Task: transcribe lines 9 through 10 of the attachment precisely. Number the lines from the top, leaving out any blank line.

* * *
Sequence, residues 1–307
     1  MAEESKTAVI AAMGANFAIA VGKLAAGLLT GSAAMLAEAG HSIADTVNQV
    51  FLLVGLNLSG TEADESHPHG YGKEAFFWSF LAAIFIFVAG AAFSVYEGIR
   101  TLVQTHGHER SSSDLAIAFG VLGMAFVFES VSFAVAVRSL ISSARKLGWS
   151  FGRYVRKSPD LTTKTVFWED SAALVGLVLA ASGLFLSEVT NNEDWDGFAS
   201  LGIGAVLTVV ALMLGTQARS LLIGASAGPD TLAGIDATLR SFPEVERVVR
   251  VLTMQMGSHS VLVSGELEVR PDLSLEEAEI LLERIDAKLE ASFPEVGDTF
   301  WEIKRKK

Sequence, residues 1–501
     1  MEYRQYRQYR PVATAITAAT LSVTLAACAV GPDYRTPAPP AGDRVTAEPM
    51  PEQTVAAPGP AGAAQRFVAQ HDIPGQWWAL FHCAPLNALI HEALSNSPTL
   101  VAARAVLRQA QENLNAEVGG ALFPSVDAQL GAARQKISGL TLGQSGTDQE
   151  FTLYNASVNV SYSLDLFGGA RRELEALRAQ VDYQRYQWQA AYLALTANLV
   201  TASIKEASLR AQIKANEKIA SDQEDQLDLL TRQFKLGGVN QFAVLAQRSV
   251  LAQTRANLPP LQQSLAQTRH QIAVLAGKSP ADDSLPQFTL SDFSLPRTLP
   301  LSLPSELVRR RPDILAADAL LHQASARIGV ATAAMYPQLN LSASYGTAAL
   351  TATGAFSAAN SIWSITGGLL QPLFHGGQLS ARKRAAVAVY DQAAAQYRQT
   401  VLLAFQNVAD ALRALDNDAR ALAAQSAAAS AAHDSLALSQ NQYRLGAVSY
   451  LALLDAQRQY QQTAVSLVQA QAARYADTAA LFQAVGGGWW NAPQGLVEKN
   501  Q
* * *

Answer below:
Sequence, residues 1–501
     1  MEYRQYRQYR PVATAITAAT LSVTLAACAV GPDYRTPAPP AGDRVTAEPM